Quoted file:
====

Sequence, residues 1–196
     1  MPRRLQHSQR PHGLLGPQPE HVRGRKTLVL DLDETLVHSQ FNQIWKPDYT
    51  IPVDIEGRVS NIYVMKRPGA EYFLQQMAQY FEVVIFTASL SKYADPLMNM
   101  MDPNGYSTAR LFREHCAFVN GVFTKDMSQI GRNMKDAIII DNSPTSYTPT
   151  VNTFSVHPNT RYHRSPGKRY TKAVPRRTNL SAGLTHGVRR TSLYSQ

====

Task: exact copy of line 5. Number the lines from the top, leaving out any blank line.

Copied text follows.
   151  VNTFSVHPNT RYHRSPGKRY TKAVPRRTNL SAGLTHGVRR TSLYSQ